Groundwork BioAg Ltd., a bioagriculture company with main operations in Israel, has announced the signing of a globally exclusive license agreement to develop, produce and commercialize mycorrhizal strains isolated and bred at the Agricultural Research Organization's (ARO's) Volcani Center. The agreement also includes exclusive rights to proprietary production methods that were developed at the center over the last two decades.

ARO is part of the Israeli Ministry of Agriculture and Rural Development. The organization is responsible for most of the agricultural research conducted in Israel. And Groundwork BioAg plans to bring mycorrhizal inoculants to mainstream agriculture leveraging unique production technology.

Mycorrhizae refers to a naturally-occurring symbiotic relationship between fungi and plants. These “good” fungi effectively extend plants’ root systems and increase their ability to absorb nutrients in the soil. Numerous crops, including small grains, require the presence of mycorrhizal fungi in order to grow to their full potential, the news announcement states.

When applied to agricultural crops, Groundwork’s mycorrhizal inoculants significantly increase yields while reducing fertilizer requirements, and can also repel several soil-borne pathogens, such as pythium and fusarium, according to Groundwork BioAg.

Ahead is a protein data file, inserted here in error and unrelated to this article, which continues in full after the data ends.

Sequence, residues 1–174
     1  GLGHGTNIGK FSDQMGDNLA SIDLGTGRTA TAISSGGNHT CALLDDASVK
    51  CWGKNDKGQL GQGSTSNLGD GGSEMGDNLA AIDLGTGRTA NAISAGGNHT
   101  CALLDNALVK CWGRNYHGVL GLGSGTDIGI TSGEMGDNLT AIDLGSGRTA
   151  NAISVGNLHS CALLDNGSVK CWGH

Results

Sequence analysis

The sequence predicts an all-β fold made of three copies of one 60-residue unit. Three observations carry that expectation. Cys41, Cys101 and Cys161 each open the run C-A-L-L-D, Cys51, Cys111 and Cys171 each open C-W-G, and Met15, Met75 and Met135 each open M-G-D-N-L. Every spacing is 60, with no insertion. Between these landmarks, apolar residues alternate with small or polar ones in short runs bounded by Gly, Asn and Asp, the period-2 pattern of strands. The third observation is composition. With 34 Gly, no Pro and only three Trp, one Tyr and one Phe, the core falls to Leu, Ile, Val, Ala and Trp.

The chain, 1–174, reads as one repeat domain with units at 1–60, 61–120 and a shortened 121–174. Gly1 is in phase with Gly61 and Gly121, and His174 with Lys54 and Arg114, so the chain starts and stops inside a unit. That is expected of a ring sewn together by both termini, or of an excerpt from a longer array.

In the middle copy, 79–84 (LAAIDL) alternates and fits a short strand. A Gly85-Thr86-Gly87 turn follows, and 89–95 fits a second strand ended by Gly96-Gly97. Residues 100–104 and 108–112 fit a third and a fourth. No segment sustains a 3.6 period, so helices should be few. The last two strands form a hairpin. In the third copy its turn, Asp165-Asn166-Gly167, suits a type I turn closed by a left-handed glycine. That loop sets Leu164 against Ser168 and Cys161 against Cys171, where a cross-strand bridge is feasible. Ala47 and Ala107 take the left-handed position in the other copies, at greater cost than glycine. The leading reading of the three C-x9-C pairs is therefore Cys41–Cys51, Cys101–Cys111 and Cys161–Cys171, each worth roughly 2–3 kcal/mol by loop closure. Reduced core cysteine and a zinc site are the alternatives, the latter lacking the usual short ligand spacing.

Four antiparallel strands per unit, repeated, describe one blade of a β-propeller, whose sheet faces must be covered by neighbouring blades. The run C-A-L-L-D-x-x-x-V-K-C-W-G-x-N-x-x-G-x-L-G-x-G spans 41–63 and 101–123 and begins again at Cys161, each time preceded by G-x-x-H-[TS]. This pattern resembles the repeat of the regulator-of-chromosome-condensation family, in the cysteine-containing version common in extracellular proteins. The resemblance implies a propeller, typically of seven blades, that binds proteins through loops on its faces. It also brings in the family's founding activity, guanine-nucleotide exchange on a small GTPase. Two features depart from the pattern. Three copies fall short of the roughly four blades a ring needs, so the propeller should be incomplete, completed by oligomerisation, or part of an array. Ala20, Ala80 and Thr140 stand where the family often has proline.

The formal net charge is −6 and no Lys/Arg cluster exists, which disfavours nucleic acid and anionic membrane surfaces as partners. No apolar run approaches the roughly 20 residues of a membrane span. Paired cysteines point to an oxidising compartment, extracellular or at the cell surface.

Controlled field trials conducted by Groundwork and by ARO have demonstrated double-digit yield increases in several crops, including corn, bell pepper, sunflower and banana. Groundwork's mycorrhizal inoculants are highly concentrated, pure and vigorous, and thus able to reach efficacy rates that are sufficient for mainstream agricultural products, it was further explained.

Prof. Yoram Kapulnik, the center’s executive director and renowned mycorrhiza expert, said, “Groundwork is the commercial culmination of over twenty years of research and development conducted here at the Volcani Center. I am proud to chair Groundwork’s Scientific Advisory Board. Groundwork’s success is our success.”

Yossi Kofman, Ph.D., Groundwork’s CEO, added, “Mycorrhizal fungi have been known to improve crop yields and to repel soil-borne pathogens for decades. Such products have thus far been limited to niche markets due to the challenges in producing mycorrhizal inoculants in high concentration. With ARO’s technology, Groundwork is set to change this paradigm and to bring mycorrhiza to mainstream agriculture.”

Groundwork BioAg Ltd. develops, produces and commercializes mycorrhizal inoculants for mainstream agriculture. For more information, you can visit www.groundworkbioag.com.

The ARO reportedly has an extensive research infrastructure that supports both basic and applied research, conducted by more than 200 Ph.D. scientists and 300 engineers and technicians. Numerous breeds, methods and technologies have been developed at ARO and successfully transferred to commercial markets in the form of private and public agritech companies. For more information, you can visit www.agri.gov.il.